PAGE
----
• LinkedIn Adds Carousel Ads: LinkedIn con­tin­ues to improve and diver­si­fy its ad prod­uct offer­ing with the intro­duc­tion of carousel ads, which are famil­iar to you from Face­book, Insta­gram and oth­er plat­forms.
  • Ama­zon Launch­es Alexa for Hos­pi­tal­i­ty: Jeff Bezos’ mis­sion to ensure that one of his spy micro­phones is installed in every sin­gle human-occu­pied space in the world con­tin­ues apace. Now Amazon’s active­ly court­ing hote­liers to include its tech in their rooms. This is a huge oppor­tu­ni­ty for brands to cre­ate con­tent at very spe­cif­ic points in the cus­tomer jour­ney: for exam­ple, if you were Time Out, the idea of a “What’s on in XX city today, Alexa?” recipe is too obvi­ous to ignore, right?
  • Snap Kit Launch­es: Snapchat launched its devel­op­er kit which allows, er, devel­op­ers to lever­age the app in EXCITING WAYS! From log­ging in via Snap, to allow­ing users to use Snap func­tion­al­i­ty with­in third par­ty apps, to—bafflingly—letting you do things like use Bit­mo­ji in Tin­der chats, this presents a whole host of fas­ci­nat­ing oppor­tu­ni­ties. The arti­cle in the link is very good on pos­si­ble appli­ca­tions, not least the inte­gra­tion of Snaps and Sto­ries into third-par­ty apps. Seri­ous­ly, read this one; it’s use­ful and poten­tial­ly impor­tant.
  • Snapchat Adding Sales Track­ing To Ad Impact Met­rics: I saw quite a few arti­cles this week tout­ing this stuff with a strapline along the lines of, “Snap wants to show adver­tis­ers its prod­ucts are as good as Facebook’s.” That made me laugh quite a lot. Still, this ini­tia­tive (launch­ing with a UK super­mar­ket “immi­nent­ly”) is a use­ful step in the right direc­tion toward being able to prove exact­ly how lit­tle a Cus­tom Fil­ter will actu­al­ly affect your bot­tom line. Oh, and “Snapchat has also launched its mar­ket­ing mix mod­el­ling (MMM) part­ner pro­gramme, which includes tie-ups with Neustar Mar­ket­share, Ana­lyt­ics Part­ners, Kan­tar and Nielsen, to Europe. In com­ing this side of the ponds it’s also adding new col­lab­o­ra­tions with the likes of D2D (Dentsu Aegis), Ninah (Pub­li­cis) and inde­pen­dent MMM providers Ebiq­ui­ty, Eki­met­rics and Nepa. Skewed towards help­ing mar­keters jus­ti­fy their spend on Snapchat, the MMM scheme will see adver­tis­ers being giv­en access to third-par­ty data to bet­ter under­stand Snap’s impact on actions like sales and sign-ups.”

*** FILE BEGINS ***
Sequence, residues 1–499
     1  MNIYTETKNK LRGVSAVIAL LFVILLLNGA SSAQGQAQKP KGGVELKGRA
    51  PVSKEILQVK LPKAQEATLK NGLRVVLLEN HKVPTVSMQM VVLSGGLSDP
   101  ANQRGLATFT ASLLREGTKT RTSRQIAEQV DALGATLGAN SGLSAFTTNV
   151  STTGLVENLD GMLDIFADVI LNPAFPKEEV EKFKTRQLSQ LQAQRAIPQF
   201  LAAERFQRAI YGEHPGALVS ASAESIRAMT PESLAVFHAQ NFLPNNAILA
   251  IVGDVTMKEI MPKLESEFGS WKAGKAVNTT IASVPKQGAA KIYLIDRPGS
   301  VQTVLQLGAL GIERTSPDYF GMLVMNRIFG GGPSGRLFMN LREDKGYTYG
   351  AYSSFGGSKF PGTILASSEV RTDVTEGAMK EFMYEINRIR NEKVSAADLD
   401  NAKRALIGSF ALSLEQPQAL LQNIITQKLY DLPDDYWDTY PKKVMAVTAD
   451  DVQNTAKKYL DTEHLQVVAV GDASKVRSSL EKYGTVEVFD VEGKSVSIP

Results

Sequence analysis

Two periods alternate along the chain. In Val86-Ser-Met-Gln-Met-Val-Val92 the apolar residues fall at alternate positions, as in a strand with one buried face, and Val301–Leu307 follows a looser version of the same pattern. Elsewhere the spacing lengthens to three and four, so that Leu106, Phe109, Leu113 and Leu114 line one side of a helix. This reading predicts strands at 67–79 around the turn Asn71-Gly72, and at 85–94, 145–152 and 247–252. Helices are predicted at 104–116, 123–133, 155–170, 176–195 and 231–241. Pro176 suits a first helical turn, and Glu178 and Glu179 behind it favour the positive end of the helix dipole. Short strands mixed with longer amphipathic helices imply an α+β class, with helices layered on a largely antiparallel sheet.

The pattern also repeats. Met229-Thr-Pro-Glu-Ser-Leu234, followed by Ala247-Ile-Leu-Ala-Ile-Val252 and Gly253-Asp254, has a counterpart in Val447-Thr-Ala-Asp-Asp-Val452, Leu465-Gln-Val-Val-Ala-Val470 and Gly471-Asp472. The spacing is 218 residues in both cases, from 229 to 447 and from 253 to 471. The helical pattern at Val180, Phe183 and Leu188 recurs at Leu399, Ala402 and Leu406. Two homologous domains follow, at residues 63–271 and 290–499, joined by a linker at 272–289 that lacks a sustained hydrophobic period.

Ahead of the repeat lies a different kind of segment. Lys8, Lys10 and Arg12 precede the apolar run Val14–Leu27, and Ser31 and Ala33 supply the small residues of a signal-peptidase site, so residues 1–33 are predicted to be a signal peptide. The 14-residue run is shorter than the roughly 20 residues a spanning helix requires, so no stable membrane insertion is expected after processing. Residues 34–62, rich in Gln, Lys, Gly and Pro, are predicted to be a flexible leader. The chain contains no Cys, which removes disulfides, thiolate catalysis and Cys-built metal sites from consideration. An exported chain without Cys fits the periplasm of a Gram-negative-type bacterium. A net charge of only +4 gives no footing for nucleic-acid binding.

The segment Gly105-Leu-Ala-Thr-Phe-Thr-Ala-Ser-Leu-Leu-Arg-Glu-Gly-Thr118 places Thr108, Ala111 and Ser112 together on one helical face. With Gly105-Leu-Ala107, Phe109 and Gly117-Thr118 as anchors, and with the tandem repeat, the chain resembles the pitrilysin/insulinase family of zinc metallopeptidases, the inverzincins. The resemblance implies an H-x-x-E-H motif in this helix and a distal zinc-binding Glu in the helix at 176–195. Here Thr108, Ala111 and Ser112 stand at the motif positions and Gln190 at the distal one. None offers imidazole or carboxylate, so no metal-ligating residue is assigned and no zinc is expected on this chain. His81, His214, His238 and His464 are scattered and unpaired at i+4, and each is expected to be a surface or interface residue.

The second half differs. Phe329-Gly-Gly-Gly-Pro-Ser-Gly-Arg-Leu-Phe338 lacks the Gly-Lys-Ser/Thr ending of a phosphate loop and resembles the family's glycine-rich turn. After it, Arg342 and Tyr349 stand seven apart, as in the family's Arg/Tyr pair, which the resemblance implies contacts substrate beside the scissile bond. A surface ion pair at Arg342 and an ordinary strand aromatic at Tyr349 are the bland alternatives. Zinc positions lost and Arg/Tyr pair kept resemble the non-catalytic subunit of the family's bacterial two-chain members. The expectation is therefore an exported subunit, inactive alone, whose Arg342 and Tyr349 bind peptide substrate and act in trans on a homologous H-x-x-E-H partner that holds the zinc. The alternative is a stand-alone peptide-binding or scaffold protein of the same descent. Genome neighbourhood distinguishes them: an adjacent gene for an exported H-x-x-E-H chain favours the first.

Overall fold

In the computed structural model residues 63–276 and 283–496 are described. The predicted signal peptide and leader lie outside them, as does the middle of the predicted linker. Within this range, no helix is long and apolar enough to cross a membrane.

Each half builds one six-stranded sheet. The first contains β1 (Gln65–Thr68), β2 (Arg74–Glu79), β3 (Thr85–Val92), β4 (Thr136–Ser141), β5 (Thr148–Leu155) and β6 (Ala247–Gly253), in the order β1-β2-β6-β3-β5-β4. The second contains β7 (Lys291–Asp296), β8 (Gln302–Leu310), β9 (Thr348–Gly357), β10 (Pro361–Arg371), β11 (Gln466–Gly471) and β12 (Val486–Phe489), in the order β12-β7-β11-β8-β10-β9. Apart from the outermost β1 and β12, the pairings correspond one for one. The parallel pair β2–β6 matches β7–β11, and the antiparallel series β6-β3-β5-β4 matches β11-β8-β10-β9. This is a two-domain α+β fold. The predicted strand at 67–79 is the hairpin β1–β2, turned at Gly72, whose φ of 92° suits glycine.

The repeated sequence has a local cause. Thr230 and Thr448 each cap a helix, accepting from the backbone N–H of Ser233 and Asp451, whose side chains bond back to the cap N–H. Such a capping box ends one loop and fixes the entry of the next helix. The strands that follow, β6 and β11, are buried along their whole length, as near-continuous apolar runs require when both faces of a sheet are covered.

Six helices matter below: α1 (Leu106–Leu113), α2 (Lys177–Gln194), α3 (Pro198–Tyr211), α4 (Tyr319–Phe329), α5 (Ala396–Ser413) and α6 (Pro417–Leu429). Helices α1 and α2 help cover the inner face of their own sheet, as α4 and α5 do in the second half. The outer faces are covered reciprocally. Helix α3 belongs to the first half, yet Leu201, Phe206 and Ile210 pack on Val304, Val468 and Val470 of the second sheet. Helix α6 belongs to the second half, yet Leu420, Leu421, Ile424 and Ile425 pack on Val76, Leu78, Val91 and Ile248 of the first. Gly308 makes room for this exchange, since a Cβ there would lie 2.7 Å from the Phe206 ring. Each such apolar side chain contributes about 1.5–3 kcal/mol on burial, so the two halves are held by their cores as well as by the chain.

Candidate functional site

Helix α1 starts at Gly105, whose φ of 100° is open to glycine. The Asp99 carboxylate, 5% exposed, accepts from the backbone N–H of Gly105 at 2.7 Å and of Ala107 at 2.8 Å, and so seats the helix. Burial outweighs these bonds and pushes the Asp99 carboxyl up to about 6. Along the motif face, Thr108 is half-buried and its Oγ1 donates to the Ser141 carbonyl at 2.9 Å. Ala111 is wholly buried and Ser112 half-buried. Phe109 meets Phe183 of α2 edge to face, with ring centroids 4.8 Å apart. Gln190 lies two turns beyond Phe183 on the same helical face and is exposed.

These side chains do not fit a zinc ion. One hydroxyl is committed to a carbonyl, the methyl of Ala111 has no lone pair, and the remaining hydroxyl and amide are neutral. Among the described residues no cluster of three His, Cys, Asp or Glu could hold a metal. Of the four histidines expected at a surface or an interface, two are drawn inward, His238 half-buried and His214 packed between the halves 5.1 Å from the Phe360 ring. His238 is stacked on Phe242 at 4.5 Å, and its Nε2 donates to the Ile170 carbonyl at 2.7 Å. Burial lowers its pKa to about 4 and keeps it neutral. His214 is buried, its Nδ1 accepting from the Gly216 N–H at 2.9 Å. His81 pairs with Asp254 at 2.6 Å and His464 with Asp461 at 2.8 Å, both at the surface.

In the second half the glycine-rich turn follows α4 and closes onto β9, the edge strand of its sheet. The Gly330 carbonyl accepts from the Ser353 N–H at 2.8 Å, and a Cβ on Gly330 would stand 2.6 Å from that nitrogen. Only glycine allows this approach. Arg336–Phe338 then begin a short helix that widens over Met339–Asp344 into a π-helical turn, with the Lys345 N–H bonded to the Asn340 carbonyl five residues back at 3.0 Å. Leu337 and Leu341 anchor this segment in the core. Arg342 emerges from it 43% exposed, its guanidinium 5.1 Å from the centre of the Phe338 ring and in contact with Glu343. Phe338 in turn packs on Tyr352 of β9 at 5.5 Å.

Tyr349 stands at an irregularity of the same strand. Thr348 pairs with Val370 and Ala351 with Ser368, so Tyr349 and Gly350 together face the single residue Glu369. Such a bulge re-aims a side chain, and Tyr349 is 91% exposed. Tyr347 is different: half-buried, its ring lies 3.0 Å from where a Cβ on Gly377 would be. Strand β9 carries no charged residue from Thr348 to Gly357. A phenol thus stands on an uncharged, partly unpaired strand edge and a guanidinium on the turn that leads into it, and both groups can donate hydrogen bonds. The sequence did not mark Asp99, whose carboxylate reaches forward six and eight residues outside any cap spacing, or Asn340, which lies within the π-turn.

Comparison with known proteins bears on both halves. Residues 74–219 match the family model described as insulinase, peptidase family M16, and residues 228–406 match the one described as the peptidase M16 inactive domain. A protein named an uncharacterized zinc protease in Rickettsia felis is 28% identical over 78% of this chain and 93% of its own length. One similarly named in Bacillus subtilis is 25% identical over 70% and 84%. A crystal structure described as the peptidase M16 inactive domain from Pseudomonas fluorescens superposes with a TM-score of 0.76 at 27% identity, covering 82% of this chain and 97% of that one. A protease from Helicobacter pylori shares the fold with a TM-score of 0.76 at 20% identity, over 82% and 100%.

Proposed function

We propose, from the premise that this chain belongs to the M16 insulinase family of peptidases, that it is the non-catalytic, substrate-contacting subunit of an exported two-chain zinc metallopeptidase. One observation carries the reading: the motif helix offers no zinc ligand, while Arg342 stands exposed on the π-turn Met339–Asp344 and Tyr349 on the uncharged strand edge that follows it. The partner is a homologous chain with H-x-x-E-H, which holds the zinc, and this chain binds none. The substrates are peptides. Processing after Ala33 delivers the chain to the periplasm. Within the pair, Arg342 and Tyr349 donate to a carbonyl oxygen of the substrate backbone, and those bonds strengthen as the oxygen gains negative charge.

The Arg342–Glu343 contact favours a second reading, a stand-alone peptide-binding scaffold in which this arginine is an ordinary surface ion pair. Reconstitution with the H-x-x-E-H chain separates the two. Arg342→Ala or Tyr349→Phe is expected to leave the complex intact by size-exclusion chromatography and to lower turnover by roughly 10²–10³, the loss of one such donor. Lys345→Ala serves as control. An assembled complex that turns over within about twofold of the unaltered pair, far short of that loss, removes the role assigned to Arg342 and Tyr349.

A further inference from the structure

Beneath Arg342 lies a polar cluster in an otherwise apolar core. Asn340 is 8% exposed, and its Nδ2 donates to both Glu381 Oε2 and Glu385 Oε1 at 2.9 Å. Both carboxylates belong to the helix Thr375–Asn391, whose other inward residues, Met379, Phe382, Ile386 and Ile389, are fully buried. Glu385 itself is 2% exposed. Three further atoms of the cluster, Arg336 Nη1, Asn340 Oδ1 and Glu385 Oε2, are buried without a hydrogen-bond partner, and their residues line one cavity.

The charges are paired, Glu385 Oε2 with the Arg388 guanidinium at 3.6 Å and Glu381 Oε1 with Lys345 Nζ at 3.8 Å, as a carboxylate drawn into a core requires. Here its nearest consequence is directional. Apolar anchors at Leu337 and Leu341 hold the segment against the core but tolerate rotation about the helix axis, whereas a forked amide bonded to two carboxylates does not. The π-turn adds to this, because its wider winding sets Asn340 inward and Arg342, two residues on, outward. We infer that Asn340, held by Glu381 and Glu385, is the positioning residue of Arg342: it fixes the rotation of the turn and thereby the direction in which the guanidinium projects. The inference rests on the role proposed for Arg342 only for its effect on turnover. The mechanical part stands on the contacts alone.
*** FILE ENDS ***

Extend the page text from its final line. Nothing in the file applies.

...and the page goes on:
• Reuters Dig­i­tal News Report 2018: A whole report on how the world is con­sum­ing news in 2018, with coun­try-by-coun­try break­downs of media trust, pop­u­lar sources, and the like. The main take­aways are that Twit­ter is sur­pris­ing­ly pop­u­lar as a news source, sug­gest­ing that they may well be right in their deci­sion to go hard on this in their lat­est update, that peo­ple are shar­ing less news via Face­book and more via mes­sag­ing plat­forms, that embed­ded video on pub­lish­er sites is huge­ly unpop­u­lar, and that What­sapp is absolute­ly dom­i­nat­ing news dis­tri­b­u­tion in the devel­op­ing / sec­ond world. You can read some topline analy­sis by Rob Black­ie here, but it’s real­ly worth look­ing at the whole thing (no, real­ly, I promise it is)

Advertising, News, Technology
Digital Europe

Posted on 06-29-2018